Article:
Title: 瀧の白糸 (Taki no Shiroito)
English Title: The Water Magician
Release Date: 1933 (Japan)
Directed by: Mizoguchi Kenji
Starring: Irie Takako, Okada Tokihiko
There are not a great number of pre-war, Japanese silent films which have survived to this day. Furthermore, I imagine that one would be hard pressed to find easily accessible copies of the ones that do still exist. I was lucky enough to find this excellent Mizoguchi Kenji film through the Japan Foundation Library in Tokyo and write my essay about it.
Although titled a “silent” film, there is music throughout the movie. Furthermore, a distinguishing characteristic of Japanese silent films was the benshi. A benshi was a narrator who spoke during the movie, giving explanations, as well as voicing lines of some of the actors and actresses.
The movie gets its title from the profession of one of the main characters – she performs tricks, somewhat akin to magic, with bursts of shooting water on stage. This might be a bit difficult to visualize not being accustomed to such an act, thus it might help to think of someone juggling, to music, while also using stylized movements.
The story of The Water Magician is simple, yet profound. The woman performer, known as Shiroito, falls in love with a man who has had the misfortune of having to drop out of school after his parents died due to lack of money. Shiroito, who is completely taken by the man, Kin’ya, offers to pay for him to go back to school.
After some years of funding his education – he is studying to become a judge – Shiroito and her friends, the other performers, fall on hard times. Shiroito’s friends, who are in even more dire straits than she, repeatedly ask for money, or sometimes just outright take it from her. Eventually Shiroito is left with nothing and is forced to borrow money from a loan shark. Immediately after borrowing the money, she is robbed by masked men, later discovered to be none other than the troupe boss. Feeling that she now has no way to support Kin’ya, whom she has longed so dearly to meet again, she goes back to the loan shark, supposedly to explain what has just happened. Instead, he mistakes her intentions and tries to attack her. In the hustle, she accidently stabs him. Making matters worse, she runs off with more of the loan shark’s money.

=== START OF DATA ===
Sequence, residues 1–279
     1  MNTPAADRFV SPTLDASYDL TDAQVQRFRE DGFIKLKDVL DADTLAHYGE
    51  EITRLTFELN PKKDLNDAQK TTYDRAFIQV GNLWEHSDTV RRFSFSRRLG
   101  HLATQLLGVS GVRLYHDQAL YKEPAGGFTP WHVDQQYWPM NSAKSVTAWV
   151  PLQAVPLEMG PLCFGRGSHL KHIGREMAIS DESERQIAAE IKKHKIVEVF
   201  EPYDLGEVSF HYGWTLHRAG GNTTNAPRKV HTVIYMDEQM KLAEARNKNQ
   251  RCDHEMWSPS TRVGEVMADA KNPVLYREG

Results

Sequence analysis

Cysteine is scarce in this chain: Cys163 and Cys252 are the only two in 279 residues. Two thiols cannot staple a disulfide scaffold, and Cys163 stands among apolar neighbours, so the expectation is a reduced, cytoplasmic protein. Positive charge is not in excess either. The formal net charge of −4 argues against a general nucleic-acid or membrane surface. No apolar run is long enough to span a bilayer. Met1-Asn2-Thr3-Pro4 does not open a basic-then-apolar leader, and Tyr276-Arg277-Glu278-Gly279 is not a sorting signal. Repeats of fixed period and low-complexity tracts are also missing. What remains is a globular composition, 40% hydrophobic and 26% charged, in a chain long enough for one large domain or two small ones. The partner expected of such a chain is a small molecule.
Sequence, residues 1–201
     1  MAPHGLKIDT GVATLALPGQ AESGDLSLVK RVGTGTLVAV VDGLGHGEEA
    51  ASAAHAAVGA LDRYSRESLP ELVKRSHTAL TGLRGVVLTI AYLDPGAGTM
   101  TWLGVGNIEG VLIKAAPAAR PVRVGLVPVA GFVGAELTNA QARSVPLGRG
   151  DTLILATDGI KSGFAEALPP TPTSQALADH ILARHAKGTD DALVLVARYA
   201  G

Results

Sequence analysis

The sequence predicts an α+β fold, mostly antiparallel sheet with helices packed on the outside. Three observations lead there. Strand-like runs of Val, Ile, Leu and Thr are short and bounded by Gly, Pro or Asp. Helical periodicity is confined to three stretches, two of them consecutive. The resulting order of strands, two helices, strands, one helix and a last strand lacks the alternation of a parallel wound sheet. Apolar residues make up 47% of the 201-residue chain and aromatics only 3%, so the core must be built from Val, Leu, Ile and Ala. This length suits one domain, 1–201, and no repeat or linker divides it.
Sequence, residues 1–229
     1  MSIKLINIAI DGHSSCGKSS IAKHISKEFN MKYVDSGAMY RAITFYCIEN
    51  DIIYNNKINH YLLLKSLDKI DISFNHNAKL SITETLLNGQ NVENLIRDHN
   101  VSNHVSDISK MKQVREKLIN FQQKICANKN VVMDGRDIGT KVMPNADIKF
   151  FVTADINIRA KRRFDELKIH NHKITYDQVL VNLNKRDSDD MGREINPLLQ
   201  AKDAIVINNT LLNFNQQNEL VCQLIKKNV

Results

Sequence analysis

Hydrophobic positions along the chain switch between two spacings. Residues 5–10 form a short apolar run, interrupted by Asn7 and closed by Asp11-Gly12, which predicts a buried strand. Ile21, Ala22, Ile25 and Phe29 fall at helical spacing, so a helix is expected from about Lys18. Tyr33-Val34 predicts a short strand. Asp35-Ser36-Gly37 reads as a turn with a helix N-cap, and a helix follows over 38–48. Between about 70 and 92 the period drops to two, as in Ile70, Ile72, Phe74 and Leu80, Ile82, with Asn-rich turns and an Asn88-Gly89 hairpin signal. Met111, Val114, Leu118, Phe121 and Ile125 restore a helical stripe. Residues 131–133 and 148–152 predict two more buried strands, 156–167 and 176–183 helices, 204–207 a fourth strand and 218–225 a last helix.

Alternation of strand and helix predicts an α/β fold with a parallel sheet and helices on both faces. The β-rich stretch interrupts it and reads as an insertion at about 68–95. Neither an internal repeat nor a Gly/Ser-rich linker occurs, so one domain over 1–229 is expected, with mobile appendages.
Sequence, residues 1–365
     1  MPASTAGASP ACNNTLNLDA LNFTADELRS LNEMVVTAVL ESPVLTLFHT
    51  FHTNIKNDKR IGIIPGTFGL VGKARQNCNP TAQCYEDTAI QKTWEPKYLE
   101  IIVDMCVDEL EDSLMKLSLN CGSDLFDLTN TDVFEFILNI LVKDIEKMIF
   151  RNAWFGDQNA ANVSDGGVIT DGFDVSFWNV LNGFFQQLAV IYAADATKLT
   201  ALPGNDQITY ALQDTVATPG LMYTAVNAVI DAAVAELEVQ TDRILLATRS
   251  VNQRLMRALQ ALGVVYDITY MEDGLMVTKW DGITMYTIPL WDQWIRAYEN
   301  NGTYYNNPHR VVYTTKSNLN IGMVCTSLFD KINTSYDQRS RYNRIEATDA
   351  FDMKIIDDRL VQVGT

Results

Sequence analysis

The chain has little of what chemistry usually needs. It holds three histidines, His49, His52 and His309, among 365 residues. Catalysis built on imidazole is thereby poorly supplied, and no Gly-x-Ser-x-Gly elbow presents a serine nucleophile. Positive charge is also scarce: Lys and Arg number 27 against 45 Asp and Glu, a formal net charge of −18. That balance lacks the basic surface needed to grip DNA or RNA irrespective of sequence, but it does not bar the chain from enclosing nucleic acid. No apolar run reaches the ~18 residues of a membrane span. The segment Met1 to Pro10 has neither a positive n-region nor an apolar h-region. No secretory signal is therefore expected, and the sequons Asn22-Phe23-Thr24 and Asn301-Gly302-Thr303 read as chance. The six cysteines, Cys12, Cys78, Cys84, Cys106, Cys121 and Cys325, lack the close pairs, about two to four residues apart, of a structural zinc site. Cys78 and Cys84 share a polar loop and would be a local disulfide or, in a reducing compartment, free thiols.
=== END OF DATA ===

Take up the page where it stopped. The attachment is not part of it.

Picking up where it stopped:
Now charged with murder, Shiroito is brought before the judge, who is none other than Kin’ya. Only now, in these circumstances, does she receive the grace of seeing the one she so longed to see. Kin’ya is torn and mistakenly afraid that the money he received to support his education came from this murder. Taking the action he sees to be just for the role of a judge, he condemns Shiroito to death. Consequently, she bites off her tongue. The next day, the torn Kin’ya kills himself.
Shiroito in The Water Magician is a perfect example of a courageously loyal, just, and kind person who, because she is a woman, faces repeated hardships and sufferings, usually at the hands of men. Despite her sufferings, things do not turn out better for her, as she is eventually sentenced to death. The love and the sense of justice that she maintains to the end, make the story all the more tragic, and the audience feels the plight of this woman, up against all obstacles that her society throws at her.
Itself influenced by an Izumi Kyoka play, The Water Magician shares elements with many later movies, some of which were doubtlessly influenced by Mizoguchi’s film. One that comes to mind would be Villion’s Wife.